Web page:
Greek Orzo with Feta and Grape Tomatoes

So good. Warm or room temperature.  Heck, even cold! Photo by Rebecca Penovich

So good. Warm or room temperature. Heck, even cold!
Photo by Rebecca Penovich


My husband loves Mediterranean food and so do I.  I sometimes say his love of dipping bread and pizza crusts in olive oil, his penchant for eating peperoncini straight out of the jar, his preference for his gin to perform as a vehicle for the olives in his martini, and his lunchtime staples of Greek salad and lamb gyros are attributable to his Croatian heritage.  But I know better, because who couldn’t love those things and the goodness that is Mediterranean cuisine?

Beautiful seaside town of Dubrovnik, Croatia.

Beautiful seaside town of Dubrovnik, Croatia.


John’s father came to this country after World War II and became a citizen 10 years thereafter.  He loved this country with a fierce and loyal passion and assimilated quickly while still maintaining some of his European mannerisms:  pouring the last bit of his wine into his soup for example, or greeting everyone he met with a giant hug, a pat on the back, and shake of the hand (in that order).

John inherited many of his personality traits from his father. Among them are warmth and conviviality and a fondness for breaking bread with friends and comrades in arms.  For John’s 40th birthday, for example, I threw him “A Big, Fat, Greek Birthday” (riffing off the popular Greek wedding romantic comedy at the time) and braised lamb shanks for 21 guests!  Yes, each guest got their own shank, served with a lovely Mediterranean lentil salad brought by a friend, a braised carrot dish with cumin and orange juice, and orzo with feta.  Our downstairs auxiliary refrigerator was filled to the brim with those raw shanks.  Looked like a scene from some Mob movie.

Please forgive my twisted sense of humor.

Please forgive my twisted sense of humor.


Recently John made a special request for me to please, pretty please try to recreate the Meatballs in Egg-Lemon Sauce that he is crazy about from the Greek Deli & Catering carryout in downtown D.C.   This place has a fanatical following because the food is authentic and crazy delicious.  John and his co-workers often stand in a very long queue on Wednesdays for Kostas’ (the owner’s) famous lemon meatballs (Youvarlakia me Avgolemono in Greek.)

I obliged and also made Greek Orzo with Feta and Grape Tomatoes to go with them and it’s this recipe I share with you today.  What!  Where is the lemon meatball recipe you ask?  Two reasons it is not here:  1) I mussed and fussed with the recipe as written and took some notes that need further testing and refining (getting the uncooked rice in the meatball mixture to bloom properly in the braising liquid in the amount of time called for in the recipe and 2) meatballs are just not that pretty on the plate.  Wait, there’s a third reason!  I want you to try this orzo recipe.  It is much easier and guaranteed to please and I don’t want any of you to work too hard on Memorial Day.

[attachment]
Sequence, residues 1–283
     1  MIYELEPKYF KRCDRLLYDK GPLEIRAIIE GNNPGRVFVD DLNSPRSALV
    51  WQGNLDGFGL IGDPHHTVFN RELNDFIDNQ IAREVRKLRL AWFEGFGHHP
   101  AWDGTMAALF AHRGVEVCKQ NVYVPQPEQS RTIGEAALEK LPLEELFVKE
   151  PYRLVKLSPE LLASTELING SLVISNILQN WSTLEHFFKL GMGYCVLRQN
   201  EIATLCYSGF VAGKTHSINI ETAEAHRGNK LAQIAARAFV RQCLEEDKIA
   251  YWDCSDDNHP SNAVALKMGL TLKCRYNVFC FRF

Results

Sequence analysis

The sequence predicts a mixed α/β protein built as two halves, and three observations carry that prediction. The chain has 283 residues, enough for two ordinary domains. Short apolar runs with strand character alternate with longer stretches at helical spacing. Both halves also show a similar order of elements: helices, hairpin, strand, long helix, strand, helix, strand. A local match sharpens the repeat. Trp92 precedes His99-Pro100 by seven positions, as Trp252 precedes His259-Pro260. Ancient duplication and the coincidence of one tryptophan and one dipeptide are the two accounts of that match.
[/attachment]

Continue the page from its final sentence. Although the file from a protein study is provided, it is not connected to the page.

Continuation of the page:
Throw this delicious pasta dish together with the vegetables you crave and kick back with your family, go your neighborhood parade if you wish, and then come home and take a nap.

Grape tomatoes are small and sweet.

Grape tomatoes are small and sweet.

Inspired by and adapted from Food 52, this recipe was entered in the contest for Your Best Picnic Dish by Crematia.

Here’s the original: Impress Your Mother in Law Orzo Salad

Serves 6


  • 1/3 box (pound) orzo, cooked al dente
  • 1 pint grape tomatoes
  • 4 T. olive oil
  • 2 T. minced or crushed garlic
  • 2 T. chopped green onions, white and green parts
  • 1/4 cup chopped green olives with pimentos
  • 1/2 pound feta cheese, crumbled
  • 3 T. chopped fresh Italian parsley
  • 1 batch of lemon vinaigrette (recipe below, makes more than you need for the pasta)


(This will make more than you need.  Save the rest in a jar in your refrigerator and use to dress blanched green beans later in the week.)

  • 1/4 cup fresh lemon juice
  • 1/2 cup red wine vinegar
  • 2 tsp. minced garlic
  • 1 T. minced green onion
  • 1 T. dijon mustard
  • 1 T. dried oregano (fresh minced oregano is best, but dried will work in a pinch as long as you let it macerate in the acid in the dressing for several minutes or longer)
  • 1 T. dried marjoram (macerate as above)
  • 1/4 cup chopped fresh parsley
  • 1/2 cup extra virgin olive oil (pick a Greek one!)
  •  fresh ground black pepper to taste
  1. Boil the orzo for 9 minutes, drain and place in large bowl.
  2. Slice the tomatoes in half and layer them on a cookie sheet lined with parchment paper. Drizzle with 3 T. olive oil and sprinkle with kosher salt and freshly ground black pepper. Roast at 300 for about 20 minutes. (Crematia calls for an hour, but I took them out early because we were ready to eat!  They were just slightly shriveled and had released their juices so I poured the warm tomatoes into the orzo mixture.)
  3. While orzo is still warm, toss in the feta and the remaining 1 T. olive oil so it can melt a little.
  4. Whisk together the vinaigrette and let it marry in the bowl.
  5. Add the chopped green onion, the chopped olives, the warm tomatoes and their juices to the orzo mixture.
  6. Drizzle 3 T. of vinaigrette over the orzo and toss.  Taste.  Add more vinaigrette if your taste buds tell you to.
  7. Sprinkle chopped parsley over all.
Crematia also sprinkles toasted pine nuts and fresh basil flowers over her orzo and her recipe includes fresh spinach leaves, chopped salami, and black olives instead of green.  Those all sound divine, so if you have them, add them.  You could also toss in fresh mint, lightly sauteed, chopped zucchini and peeled, chopped cucumber to amp up the veggie quotient.
Enjoy with friends, family, and comrades in arms.
John and his dad fishing in July 1968?

John and his dear dad fishing in July 1970